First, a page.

The Obama administration recently expanded a 15-year-old congressional authorization for the use of military force (AUMF) to include members of the African Islamist militant group al-Shabab, The New York Times reported earlier this week.
The AUMF was passed shortly after the September 11, 2001, terror attacks, authorizing the US military to wage a global war on Al Qaeda and “associated forces” — a provision that has allowed the Obama administration to bypass new authorization from Congress for operations targeting militants in Libya, Yemen, and now, Somalia.
Obama’s characterization of the Islamic State — and now, of al-Shabab — as an “associated force” of Al Qaeda has been controversial, with many experts warning that it is a slippery slope to a forever war.
“The potential for the war to expand around the world cries out for a genuine expiration date,” Ryan Goodman, an expert on international law and member of the Council on Foreign Relations, wrote last year. “The next administration should know that it will have to justify its own choices when the time comes for renewal.”
Some analysts fear, however, that the incoming administration of President-elect Donald Trump will inherit vastly expanded war powers under Obama’s elasticized AUMF. They say it could encourage Trump to preserve the tradition of bypassing congressional approval for combat operations against Islamists.
“It’s crazy that a piece of legislation that was grounded specifically in the experience of 9/11 is now being repurposed for close air support for regional security forces in Somalia,” Micah Zenko, a senior fellow at the Council on Foreign Relations, told The New York Times.
“This administration leaves the Trump administration with tremendously expanded capabilities and authorities,” he added.
Trevor Timm, executive director of the Freedom of the Press foundation, tweeted on Monday that “everyone’s freaking out about Trump, but not many seem to care Obama is unilaterally expanding war powers for him.”
‘They’re happy to give him carte blanche’
It’s unclear whether Obama’s expansion of the AUMF to include al-Shabab would give Trump war powers he wouldn’t have already under the legislation.
While Obama has demonstrated that the president doesn’t actually need new congressional approval to launch combat operations against Al Qaeda’s “associated forces,” Congress’ role in overseeing the war on terror has been limited by its inability to pass new legislation that delineates its constraints.
Last year, for example, lawmakers voted to approve funding for the war against ISIS, but avoided specifically authorizing the war under a new AUMF.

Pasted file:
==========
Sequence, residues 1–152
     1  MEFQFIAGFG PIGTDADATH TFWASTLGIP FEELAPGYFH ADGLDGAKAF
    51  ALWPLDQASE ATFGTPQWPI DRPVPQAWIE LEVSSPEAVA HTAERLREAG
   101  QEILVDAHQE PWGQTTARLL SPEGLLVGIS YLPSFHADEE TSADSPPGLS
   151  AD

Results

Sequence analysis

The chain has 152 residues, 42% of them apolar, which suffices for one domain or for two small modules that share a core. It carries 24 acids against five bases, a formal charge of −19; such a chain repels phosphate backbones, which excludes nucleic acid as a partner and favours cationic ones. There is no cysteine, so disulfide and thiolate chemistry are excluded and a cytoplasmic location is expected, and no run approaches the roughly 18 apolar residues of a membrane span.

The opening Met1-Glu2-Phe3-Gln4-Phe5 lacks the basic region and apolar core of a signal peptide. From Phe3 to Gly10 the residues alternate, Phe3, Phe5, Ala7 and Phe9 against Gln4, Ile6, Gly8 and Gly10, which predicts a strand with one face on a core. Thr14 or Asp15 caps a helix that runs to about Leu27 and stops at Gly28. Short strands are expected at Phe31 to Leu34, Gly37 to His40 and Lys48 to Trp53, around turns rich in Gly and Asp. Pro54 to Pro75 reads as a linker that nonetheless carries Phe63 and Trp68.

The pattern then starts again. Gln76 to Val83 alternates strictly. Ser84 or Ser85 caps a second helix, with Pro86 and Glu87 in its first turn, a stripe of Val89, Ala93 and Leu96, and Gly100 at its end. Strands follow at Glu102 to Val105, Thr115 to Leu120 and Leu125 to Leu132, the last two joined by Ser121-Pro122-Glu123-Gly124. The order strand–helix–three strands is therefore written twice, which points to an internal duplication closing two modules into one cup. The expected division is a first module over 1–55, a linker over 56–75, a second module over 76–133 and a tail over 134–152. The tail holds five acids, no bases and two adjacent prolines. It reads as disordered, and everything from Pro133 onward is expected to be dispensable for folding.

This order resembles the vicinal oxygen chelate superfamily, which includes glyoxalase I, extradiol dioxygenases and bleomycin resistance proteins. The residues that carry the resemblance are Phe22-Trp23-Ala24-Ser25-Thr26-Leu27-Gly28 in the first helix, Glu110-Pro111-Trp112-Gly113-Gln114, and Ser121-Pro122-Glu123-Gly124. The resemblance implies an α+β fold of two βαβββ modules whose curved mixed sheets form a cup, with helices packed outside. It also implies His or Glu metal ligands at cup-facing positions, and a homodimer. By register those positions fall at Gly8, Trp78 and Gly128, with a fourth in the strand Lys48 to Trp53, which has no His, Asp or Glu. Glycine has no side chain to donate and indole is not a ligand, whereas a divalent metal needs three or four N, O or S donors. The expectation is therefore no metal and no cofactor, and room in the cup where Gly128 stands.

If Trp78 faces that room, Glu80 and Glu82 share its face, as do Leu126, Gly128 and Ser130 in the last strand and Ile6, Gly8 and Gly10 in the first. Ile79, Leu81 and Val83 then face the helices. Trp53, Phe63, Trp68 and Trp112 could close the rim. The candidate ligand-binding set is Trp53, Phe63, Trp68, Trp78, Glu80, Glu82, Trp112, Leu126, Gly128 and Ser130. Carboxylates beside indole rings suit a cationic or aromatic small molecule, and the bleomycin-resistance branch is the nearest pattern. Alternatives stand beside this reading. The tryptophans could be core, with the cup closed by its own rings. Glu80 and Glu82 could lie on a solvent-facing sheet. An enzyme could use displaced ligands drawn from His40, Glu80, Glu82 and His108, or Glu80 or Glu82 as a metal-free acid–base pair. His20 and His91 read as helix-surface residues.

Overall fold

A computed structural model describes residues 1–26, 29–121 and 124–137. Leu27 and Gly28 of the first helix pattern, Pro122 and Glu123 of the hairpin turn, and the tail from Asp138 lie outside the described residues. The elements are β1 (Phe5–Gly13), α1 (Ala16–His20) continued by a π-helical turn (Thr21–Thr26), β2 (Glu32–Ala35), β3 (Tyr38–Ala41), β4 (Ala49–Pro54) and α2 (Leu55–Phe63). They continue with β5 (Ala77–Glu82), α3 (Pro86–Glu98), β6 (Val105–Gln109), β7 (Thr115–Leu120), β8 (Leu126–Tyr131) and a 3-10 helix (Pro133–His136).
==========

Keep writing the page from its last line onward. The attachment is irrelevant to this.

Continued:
“I suspect the Trump administration may be inclined to a very expansive reading of [AUMF] authorities, whether Obama establishes this precedent or not,” Stephen Biddle, an adjunct senior fellow for defence policy at the Council on Foreign Relations, told Business Insider.
“Real capability of the next president may be more decisive than interpretations of legal authority,” he said.
Incidentally, the Trump administration’s capabilities could be broadened both practically and legally not by Obama but by Republican Sen. Lindsey Graham, a hawk who was one of Trump’s harshest critics along the campaign trail.
The South Carolina senator
proposed in January that the president be authorised to “use all necessary and appropriate force” — including ground troops — against ISIS, its “associated forces,” and any “successor organisations,” without an expiration date.
Senate Majority Leader Mitch McConnell — who, along with other Senate Republicans, had been reluctant to “tie the president’s hands behind his back” with a new AUMF that might constrain rather than expand war powers — surprised when he fast-tracked the bill for a debate.
The Obama administration and Democratic senators, meanwhile, have pushed for a narrower AUMF that does not include ground forces and would expire after three years.
“Some of the same House and Senate members who are so critical of this so-called imperial president [Obama] are ready to make him an imperial president when it comes to war-making,” Democratic Rep. Adam Schiff, the ranking member on the House Intelligence Committee, said last year.
“They’re happy to give him cart blanche.”
But they didn’t end up giving that to Obama — Graham’s proposal has yet to come to a vote.
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